This leads me to the next element of having a describable and fair system of rewards and consequences. If an employee doesn’t see or understand the benefits of changing his/her behavior to follow a new process or way of doing business, what are the consequences for refusing to change? How confident are employees in answering what the consequences are if they do not follow the new process? Are their answers hearsay, or is there a system in place? Is the system a formal or informal system? Has there long been a culture of politics which feeds into their speculation? And, on the other side of the coin, do employees know the reward system? Do they have confidence that the system that is in place is fair? Always remember when asking these questions about an initiative; perception is reality.
I have asked people to describe what consequences and rewards look like where they work. Very few have ever been able to answer, and for those who do answer, no two answers are ever the same. This is a glaring indicator of the level of accountability in an organization. When employees cannot describe rewards and consequences, they either do not exist, or are not administered in a consistent manner.
This is like going to a baseball game and the home plate umpire has no strike zone. Does the batter know what to swing at, and what to let go for a ball? No, all they can do is use their best judgment and swing at what looks good to them, and hope the umpire sees it the same way. That is not how I want to watch baseball, and, in regards to work environments, it is definitely not an environment I would like to work in.
The final element is probably the most commonly confused, and that is commitment. I have sat in meetings with client leadership and heard them speak about how committed they are. I think that in their minds they may feel committed to one degree or another, but commitment is never sold with words and thoughts. It is the actions of leaders which displays true commitment.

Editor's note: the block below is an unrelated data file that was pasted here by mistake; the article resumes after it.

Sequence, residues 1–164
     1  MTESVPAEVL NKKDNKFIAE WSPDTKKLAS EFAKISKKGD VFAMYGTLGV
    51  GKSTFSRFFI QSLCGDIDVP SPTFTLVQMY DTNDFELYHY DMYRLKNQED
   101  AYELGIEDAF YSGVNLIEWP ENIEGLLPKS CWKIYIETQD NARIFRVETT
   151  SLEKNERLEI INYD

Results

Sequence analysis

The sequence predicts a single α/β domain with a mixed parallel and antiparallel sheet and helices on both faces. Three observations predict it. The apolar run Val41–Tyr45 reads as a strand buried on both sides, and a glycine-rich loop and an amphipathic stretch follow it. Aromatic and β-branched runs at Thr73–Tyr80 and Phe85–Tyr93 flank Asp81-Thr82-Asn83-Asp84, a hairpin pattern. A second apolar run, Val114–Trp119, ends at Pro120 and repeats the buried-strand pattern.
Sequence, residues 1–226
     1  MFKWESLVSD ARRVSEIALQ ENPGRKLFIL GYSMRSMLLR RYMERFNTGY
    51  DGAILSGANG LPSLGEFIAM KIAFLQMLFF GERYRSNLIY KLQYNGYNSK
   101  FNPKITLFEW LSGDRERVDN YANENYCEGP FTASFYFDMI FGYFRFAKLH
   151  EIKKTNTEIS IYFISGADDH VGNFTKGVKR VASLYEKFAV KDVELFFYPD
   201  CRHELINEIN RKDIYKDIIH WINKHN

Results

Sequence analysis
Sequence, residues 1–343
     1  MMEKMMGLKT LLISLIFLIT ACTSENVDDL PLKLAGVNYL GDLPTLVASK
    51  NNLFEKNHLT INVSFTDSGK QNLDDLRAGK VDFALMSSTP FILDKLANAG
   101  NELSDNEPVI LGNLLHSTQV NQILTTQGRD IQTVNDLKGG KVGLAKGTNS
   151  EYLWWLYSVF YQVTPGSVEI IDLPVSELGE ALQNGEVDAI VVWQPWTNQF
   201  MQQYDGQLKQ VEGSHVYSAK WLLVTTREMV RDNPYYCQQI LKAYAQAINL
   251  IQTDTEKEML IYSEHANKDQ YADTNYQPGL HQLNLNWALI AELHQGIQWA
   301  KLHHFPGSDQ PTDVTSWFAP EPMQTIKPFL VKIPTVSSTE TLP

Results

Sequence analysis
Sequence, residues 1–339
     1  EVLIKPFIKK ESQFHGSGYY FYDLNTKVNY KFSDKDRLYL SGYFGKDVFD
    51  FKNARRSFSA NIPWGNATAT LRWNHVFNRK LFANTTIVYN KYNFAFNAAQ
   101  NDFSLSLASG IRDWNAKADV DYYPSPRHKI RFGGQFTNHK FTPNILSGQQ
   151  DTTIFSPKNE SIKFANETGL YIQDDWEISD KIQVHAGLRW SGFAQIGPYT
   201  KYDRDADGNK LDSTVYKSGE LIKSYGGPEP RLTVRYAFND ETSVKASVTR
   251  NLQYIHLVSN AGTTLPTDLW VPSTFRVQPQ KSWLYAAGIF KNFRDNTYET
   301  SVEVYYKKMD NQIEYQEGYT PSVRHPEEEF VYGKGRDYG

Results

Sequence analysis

Commitment is easy when business is good and the company is making money. It is when times get tough when commitment is truly tested. We have completed implementation efforts and left clients ecstatic with the results and enthusiastic about continuing their improvement. All employees appear to be bought in. When we follow up, after time has passed, we hear that everything was going well until “we added units to the plant”, and then “we had to add more people to work those units”. They say that they had to just get it done and abandon the process. They hoped to restart the process once the “dust settled”, but never did. This has everything to do with a lack of commitment from leadership. The truly committed will not except any excuses. Those who lack commitment can find an excuse around every corner. If you have excuses, then you do not have commitment. That is the bottom line when measuring commitment.
A system of accountability is the key to sustaining any process or initiative that has been recently implemented in an organization. The process will not drive your people. It takes leadership to drive people, and people to drive processes. Leaders should evaluate the level of accountability they have going into implementing new initiatives and processes to maximize the sustainability when the consultants leave. Waiting until after we have left is too late.
Share Your Thoughts!
I encourage and look forward to your thoughts and feedback on my blog posts. Please feel free to take the time to share your comments on the posts that interest you.
The copyright in this website and the material on this website (including without limitation the text, computer code, artwork, photographs, images, music, audio material, video material and audio-visual material on this website) is owned by Christopher Waters and Agoge Leadership Development LLC and its licencors.